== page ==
Tuesday, May 6, 2003
“The ‘Defense Transformation for the 21st Century Act’ is a frontal assault on one of the last barriers to globalization of our nation’s defense industry,” said IP Tom Buffenbarger. “If successful, the move will further reduce our national manufacturing capability and increase U.S. dependence on foreign suppliers in key national security areas.”
The new legislation is part of Defense Secretary Donald Rumsfeld’s effort to outsource significant portions of Pentagon operations, including many of the jobs now performed by DOD civilian employees.
The IAM and a coalition of labor unions and manufacturers are calling on lawmakers to oppose the Rumsfeld Plan, urging Congress to support solutions to the problems associated with the alarming decline in American defense industrial capabilities.
“It is astonishing that the Department of Defense would recommend the repeal of U.S. laws requiring that weapon systems for our national defense be manufactured in America,” said Cynthia Brown, president of the Business-Labor Coalition to Save the Defense Industrial Base.
To send a message to Congress urging support for “Buy American” legislation and a strong U.S.-based national defense capability, point your browser to: http://goiam.org/politics.asp and click on Support "Buy American Laws
Hits 8-Year High
Job losses in April were concentrated in airlines, retail and manufacturing.
The official count of unemployed U.S. workers now stands at 8.8 million, according to the U.S. Labor Department. That figure fails to include millions of long-term unemployed workers who are not part of the Department’s month-to-month figures. Of those that are counted, more than 2 million have been without work for 27 weeks or more.
The Labor Department also reported the average duration of unemployment jumped to 19.6 weeks – a 20 year high.
Reached in St. Paul
The contract includes wage hikes, pension increases and a provision whereby the employer picks up the increased cost of health care insurance.
According to IAM District 77, the agreement exemplifies the good relationship between the IAM and the St. Paul Auto Dealers Association.
May is ‘Older
Kourpias, now President of the Alliance for Retired Americans, recalled being in the room when President Lyndon Johnson signed the Older American Act. “It’s a great piece of legislation, and I was honored to be there. The law provides for Meals on Wheels, transportation, senior centers and home care services,” said Kourpias.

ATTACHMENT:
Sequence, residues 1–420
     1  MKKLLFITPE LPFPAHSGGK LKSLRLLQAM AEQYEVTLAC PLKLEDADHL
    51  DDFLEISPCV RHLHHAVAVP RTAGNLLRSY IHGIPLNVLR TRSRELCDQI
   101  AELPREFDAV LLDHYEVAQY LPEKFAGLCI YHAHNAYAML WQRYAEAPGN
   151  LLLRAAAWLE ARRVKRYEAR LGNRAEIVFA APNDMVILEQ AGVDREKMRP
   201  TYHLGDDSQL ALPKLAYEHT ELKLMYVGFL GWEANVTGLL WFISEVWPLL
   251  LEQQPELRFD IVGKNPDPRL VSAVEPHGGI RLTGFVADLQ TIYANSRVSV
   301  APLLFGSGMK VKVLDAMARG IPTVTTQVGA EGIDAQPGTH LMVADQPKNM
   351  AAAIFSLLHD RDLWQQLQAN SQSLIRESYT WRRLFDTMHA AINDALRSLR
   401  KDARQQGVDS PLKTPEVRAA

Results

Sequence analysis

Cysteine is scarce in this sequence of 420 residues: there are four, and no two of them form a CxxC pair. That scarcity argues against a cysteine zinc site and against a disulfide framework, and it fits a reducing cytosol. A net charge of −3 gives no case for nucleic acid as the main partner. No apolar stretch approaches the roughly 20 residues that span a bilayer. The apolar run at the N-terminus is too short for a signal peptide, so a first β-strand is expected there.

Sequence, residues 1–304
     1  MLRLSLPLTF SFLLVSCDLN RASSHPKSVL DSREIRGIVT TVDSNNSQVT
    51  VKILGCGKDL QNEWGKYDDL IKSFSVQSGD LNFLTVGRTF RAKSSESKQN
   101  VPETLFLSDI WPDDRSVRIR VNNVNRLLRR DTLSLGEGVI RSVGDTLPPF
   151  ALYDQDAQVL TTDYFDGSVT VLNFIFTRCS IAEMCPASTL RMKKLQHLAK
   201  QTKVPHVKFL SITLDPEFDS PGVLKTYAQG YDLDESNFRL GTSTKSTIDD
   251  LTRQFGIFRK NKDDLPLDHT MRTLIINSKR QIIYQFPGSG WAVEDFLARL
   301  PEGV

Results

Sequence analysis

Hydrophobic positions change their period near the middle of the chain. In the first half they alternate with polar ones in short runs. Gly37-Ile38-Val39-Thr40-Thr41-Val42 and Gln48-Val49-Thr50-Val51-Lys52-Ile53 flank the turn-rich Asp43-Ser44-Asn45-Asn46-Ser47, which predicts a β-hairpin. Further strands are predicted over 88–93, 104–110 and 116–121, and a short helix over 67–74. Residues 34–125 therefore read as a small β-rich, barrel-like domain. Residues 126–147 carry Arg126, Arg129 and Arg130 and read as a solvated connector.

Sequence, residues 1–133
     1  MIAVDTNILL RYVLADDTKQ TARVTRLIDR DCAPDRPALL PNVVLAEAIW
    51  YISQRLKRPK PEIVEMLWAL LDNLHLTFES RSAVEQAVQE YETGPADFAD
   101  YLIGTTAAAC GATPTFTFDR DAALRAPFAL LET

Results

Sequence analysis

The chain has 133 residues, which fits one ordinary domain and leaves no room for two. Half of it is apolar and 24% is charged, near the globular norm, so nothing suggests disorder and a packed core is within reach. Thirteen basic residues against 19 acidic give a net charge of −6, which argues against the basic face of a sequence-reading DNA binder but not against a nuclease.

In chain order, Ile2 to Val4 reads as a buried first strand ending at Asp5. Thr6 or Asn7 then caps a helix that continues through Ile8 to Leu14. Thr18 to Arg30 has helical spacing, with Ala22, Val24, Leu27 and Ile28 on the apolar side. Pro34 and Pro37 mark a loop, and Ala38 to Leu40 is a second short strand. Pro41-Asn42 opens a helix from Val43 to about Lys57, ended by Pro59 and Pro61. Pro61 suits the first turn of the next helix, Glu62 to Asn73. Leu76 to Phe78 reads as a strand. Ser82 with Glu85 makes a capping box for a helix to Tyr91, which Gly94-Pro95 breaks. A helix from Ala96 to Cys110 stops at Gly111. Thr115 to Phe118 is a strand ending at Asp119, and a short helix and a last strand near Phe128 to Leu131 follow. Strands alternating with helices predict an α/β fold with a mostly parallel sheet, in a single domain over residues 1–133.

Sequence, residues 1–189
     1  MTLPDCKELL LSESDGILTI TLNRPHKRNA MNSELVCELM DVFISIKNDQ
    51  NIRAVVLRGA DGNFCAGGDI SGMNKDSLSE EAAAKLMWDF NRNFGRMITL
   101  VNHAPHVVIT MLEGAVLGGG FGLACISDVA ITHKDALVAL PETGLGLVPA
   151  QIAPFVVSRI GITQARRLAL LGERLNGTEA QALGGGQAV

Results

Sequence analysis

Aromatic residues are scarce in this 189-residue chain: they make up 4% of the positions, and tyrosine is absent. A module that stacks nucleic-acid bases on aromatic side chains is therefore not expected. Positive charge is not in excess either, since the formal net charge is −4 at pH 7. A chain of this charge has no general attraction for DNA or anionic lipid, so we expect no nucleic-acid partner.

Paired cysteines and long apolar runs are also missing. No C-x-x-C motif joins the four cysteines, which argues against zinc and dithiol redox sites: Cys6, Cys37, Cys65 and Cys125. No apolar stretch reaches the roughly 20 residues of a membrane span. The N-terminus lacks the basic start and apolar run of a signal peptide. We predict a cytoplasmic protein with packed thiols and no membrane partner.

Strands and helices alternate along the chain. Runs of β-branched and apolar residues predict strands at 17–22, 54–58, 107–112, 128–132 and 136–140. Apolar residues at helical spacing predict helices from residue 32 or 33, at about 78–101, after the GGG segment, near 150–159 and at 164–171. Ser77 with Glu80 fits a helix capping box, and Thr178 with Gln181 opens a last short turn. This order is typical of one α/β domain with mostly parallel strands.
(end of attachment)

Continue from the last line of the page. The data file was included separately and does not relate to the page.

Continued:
“This month as we honor our seniors, the Alliance for Retired Americans renews its commitment to fight for and protect those issues that seniors care about most – Social Security, Medicare, Older Americans Act programs and a prescription drug benefit.”
Pennsylvania Mechanics Get First Pact
“On behalf of the Eastern Territory office and its members, I extend our congratulations and appreciation to District Lodge 15 DBR John Scarfi, Assistant DBR James Conigliaro, BR Michael Walsh and staff,” said Eastern Territory GVP Warren Mart. “A special thanks goes to our determined members at Greenwich Terminals.”
Strike Idles Waukesha
Issues in the strike include a proposed two-tier pay scale for union workers; a proposal requiring retirees to pay $125 to $150 a month toward their health insurance and a proposal to allow the company to layoff employees without regard to seniority.
IAM retirees began picketing the profitable company last month over proposed increases in retiree health care costs. Health benefits for nearly 340 retirees are included in the current agreement.
Union Show Draws More Than 200,000
The annual event showcases the thousands of quality products and services produced by union-represented workers. More than three dozen International and local unions participated in this year’s show, titled “The American Dream - Union Made.” The exhibits covered the equivalent of four football fields.
IAM members at the show proudly exhibited products from John Deere, Amana, York International, Harley-Davidson, US Repeating Arms, Thor America, Savage Arms, US Airways and Weeres Industries. The IAM’s Apprenticeship Department manned a display and a perennial favorite of show-goers was the IAM-supported charity, Guide Dogs of America.
The first Union-Industries Show was held in 1938 in Cincinnati. Fifty-eight exhibitors from twenty-four international unions greeted more than 138,000 visitors. For more information on this year’s show and a photo gallery of past shows, visit the Show’s website at www.unionindustriesshow.org.
Drawing Set for July 10
Mart added that GLR Raymond Briggs is coordinating fundraising activities for the convention. Briggs can be contacted through the Eastern Territory office at 513-772-9310.